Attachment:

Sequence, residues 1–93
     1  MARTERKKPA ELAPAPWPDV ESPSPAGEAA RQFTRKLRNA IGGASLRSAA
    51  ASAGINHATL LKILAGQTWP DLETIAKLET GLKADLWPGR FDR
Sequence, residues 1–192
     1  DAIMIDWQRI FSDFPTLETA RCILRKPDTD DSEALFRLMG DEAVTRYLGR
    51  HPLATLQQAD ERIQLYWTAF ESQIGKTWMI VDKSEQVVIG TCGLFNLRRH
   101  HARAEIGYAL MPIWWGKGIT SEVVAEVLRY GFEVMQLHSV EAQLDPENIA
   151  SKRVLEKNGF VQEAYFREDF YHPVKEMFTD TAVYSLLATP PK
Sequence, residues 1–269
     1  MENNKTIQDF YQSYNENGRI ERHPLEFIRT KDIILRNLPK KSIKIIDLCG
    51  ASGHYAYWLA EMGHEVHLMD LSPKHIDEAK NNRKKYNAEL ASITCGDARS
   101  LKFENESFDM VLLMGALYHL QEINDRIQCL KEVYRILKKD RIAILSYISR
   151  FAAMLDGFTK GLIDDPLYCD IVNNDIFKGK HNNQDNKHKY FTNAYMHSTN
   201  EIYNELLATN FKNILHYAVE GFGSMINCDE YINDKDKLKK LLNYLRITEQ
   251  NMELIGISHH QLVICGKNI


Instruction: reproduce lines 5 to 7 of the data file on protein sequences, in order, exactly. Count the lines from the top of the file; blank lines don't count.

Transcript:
     1  DAIMIDWQRI FSDFPTLETA RCILRKPDTD DSEALFRLMG DEAVTRYLGR
    51  HPLATLQQAD ERIQLYWTAF ESQIGKTWMI VDKSEQVVIG TCGLFNLRRH
   101  HARAEIGYAL MPIWWGKGIT SEVVAEVLRY GFEVMQLHSV EAQLDPENIA